This week saw Microsoft reveal some of its early Xbox controller designs from before the console's launch in 1999, and they're pretty outlandish.
Usually these early prototypes remain shrouded in secrecy, but these images offer a rare glimpse into the development process of the controllers that we end up holding for hundreds of hours.
In honor of the reveal of the Xbox's aborted controller attempts we decided to revisit four other weird and wonderful controller ideas that for better or for worse never made it to market.
The first thing that strikes you about the look of the Xbox controller prototypes is the small LCD screen at the centre of each of them.
It's not surprising given that the soon-to-be-released Dreamcast also featured a similar screen as part of its controller. It was rarely used for anything interesting, but the thinking was that the screen could be used to display small pieces of information that could be taken off the television screen.
The feature would later be taken to its logical extreme by the Wii U's gamepad, which functions as a fully-fledged touchscreen in its own right.
Outside of the LCD screen it's also great to see that Microsoft experimented with some fantastically bizarre shapes for their debut controller. Personally I'm a fan of the UFO-esque design on the bottom left.
PlayStation Analog Joystick
The dual-joystick gamepad is one of those inventions that's so perfect it's hard to remember a time when it didn't exist. It's like touchscreens before Apple's multi-touch, or bread before sliced bread.
But it took a long time for the industry to reach the dual-joystick standard that exists today. Remember that in arcades the standard was always a single joystick alongside several buttons, and the Nintendo 64 continued this tradition with its single analogue stick.
Sony may have eventually nailed the dual-joystick design with the original DualShock controller, but that wasn't before its admirable attempt with the Analogue Joystick whose two joysticks more closely resembled massive flight sticks than the much smaller thumb sticks that would eventually become the standard.
Unlike the other entries on this list, the Analog Joystick actually made it to market, but we're including it because of how obvious a stepping stone it is between the original PlayStation controller and the eventual DualShock.
Nintendo Star Controller
As it turns out, Nintendo was throwing around some pretty wacky controller prototypes before it eventually settled on the Wii's only-slightly-wacky Wiimote.
The most crazy of these was the Star Controller, a large disk with just four buttons, one of which was a massive Mario star.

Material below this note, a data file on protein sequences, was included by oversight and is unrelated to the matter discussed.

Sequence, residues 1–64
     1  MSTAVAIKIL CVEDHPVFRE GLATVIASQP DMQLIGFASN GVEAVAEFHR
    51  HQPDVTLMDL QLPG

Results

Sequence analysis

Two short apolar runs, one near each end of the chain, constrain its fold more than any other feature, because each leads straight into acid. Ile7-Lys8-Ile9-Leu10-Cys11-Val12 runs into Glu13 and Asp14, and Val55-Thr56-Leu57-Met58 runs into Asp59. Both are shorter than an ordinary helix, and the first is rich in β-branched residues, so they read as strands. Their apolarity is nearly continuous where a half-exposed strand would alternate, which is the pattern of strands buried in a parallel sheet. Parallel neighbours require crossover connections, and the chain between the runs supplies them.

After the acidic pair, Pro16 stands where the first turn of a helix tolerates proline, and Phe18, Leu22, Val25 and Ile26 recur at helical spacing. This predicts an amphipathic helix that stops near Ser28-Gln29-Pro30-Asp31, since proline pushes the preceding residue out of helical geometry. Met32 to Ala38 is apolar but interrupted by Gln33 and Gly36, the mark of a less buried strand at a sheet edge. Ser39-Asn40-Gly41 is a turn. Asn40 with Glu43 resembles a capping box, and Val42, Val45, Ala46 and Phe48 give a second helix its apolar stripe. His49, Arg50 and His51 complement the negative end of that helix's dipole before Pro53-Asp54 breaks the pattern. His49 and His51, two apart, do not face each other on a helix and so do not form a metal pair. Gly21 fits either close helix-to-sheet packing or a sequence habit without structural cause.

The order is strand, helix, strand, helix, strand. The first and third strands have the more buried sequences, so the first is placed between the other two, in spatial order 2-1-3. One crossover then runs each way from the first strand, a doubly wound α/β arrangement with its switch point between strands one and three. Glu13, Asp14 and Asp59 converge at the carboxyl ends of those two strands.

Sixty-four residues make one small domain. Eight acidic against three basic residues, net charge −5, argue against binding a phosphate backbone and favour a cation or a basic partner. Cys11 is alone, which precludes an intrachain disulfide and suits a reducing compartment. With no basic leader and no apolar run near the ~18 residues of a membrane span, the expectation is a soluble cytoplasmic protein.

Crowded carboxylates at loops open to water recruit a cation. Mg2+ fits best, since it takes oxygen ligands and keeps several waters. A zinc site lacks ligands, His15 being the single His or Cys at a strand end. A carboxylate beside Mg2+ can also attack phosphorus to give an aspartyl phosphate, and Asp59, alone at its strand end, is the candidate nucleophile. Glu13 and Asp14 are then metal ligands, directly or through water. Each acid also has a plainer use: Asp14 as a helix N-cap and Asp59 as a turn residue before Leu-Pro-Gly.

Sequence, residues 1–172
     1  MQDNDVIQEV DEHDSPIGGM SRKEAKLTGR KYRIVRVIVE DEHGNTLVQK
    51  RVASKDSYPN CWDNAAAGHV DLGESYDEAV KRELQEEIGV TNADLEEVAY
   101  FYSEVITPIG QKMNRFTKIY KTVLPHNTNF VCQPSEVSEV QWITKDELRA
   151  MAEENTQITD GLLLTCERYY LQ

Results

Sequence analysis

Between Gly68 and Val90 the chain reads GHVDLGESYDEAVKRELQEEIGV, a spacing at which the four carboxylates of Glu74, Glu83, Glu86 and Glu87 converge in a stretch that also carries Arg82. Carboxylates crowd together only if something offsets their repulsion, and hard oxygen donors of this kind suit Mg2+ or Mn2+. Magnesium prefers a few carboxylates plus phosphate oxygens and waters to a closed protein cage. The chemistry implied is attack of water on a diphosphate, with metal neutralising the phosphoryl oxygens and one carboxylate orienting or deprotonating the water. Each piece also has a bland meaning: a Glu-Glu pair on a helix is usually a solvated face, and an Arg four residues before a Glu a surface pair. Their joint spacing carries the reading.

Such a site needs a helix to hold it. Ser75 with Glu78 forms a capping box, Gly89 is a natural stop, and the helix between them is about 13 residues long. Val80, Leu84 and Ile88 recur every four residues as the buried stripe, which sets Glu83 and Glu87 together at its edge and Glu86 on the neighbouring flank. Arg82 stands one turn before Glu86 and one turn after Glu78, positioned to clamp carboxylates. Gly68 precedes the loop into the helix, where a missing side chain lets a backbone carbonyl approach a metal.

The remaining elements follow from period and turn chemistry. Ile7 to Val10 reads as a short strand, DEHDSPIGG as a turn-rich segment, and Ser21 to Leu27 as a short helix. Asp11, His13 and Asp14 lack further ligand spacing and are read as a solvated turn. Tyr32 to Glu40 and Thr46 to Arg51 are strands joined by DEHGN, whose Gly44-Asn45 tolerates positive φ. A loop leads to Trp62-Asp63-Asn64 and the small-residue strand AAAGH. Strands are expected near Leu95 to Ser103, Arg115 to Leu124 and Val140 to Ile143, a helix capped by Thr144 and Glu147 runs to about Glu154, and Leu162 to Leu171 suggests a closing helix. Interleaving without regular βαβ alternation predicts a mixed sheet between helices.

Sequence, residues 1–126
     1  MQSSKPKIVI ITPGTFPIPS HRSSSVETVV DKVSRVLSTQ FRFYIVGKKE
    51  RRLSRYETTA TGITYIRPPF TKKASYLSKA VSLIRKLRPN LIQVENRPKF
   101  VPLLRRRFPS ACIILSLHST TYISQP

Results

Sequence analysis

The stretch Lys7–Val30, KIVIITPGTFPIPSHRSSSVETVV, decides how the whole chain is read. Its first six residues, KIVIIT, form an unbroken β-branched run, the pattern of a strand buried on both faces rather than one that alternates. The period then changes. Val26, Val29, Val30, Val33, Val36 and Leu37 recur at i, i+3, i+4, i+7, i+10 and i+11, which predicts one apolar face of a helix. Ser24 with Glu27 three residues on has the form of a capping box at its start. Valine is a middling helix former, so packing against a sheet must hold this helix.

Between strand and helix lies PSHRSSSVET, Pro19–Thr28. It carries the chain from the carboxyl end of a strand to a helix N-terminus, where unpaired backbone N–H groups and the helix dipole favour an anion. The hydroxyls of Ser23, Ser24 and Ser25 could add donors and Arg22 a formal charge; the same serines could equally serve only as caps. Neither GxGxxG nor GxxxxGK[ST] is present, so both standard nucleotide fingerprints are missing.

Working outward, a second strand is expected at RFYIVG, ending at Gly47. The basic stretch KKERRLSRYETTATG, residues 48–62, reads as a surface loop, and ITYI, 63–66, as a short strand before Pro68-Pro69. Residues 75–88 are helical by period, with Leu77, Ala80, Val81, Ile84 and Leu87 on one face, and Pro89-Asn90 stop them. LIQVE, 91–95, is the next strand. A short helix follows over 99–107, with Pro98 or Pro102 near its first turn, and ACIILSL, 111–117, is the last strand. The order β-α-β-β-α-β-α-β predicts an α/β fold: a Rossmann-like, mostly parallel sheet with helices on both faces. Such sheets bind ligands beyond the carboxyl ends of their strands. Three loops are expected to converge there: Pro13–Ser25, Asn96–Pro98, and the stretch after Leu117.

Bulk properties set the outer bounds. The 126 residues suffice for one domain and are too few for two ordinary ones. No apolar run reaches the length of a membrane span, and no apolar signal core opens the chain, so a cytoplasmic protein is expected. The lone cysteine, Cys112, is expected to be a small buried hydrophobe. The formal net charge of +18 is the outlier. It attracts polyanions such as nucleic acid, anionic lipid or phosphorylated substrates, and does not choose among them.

The idea appears to have been to have relied almost entirely on motion controls, but as well as being too garish Nintendo's developers also took issue with its ability to control the likes of Mario and Zelda.
The Original Steam Controller
Valve's Steam Controller came about out of a desire to bring the experience of using a mouse and keyboard to the form factor of a traditional game controller, and with a mission statement like that it was never going to play by the rules.
With no joysticks or face buttons to speak of, Valve's original Steam Controller prototype was unorthodox to say the very least.
The two touch-pads that were intended to replace the former did eventually make it into the finished product, but the central touchscreen was replaced by a more traditional trio of menu buttons flanked by traditional face buttons and a single analogue stick.
Nowadays, with the PS4 outselling the Xbox One so decisively, it's weird to think back to a time when Sony were anything other than the king of the mountain, but at the outset of the PS3's life things weren't looking great for the Japanese electronics giant.
The new console might have been expensive and difficult to develop for, but our fondest memory of Sony's darkest days is the PS3's original controller, which looked like a cross between a boomerang and a sci-fi banana.
Thankfully at the following E3 Sony revealed the 'real' PS3 controller, although we would have to wait a further two years until the PS3 got its de facto controller in the form of the Dualshock 3, which finally brought back the much-needed rumble functionality that was absent from the Sixaxis.
Jon Porter is the ex-Home Technology Writer for TechRadar. He has also previously written for Practical Photoshop, Trusted Reviews, Inside Higher Ed, Al Bawaba, Gizmodo UK, Genetic Literacy Project, Via Satellite, Real Homes and Plant Services Magazine, and you can now find him writing for The Verge.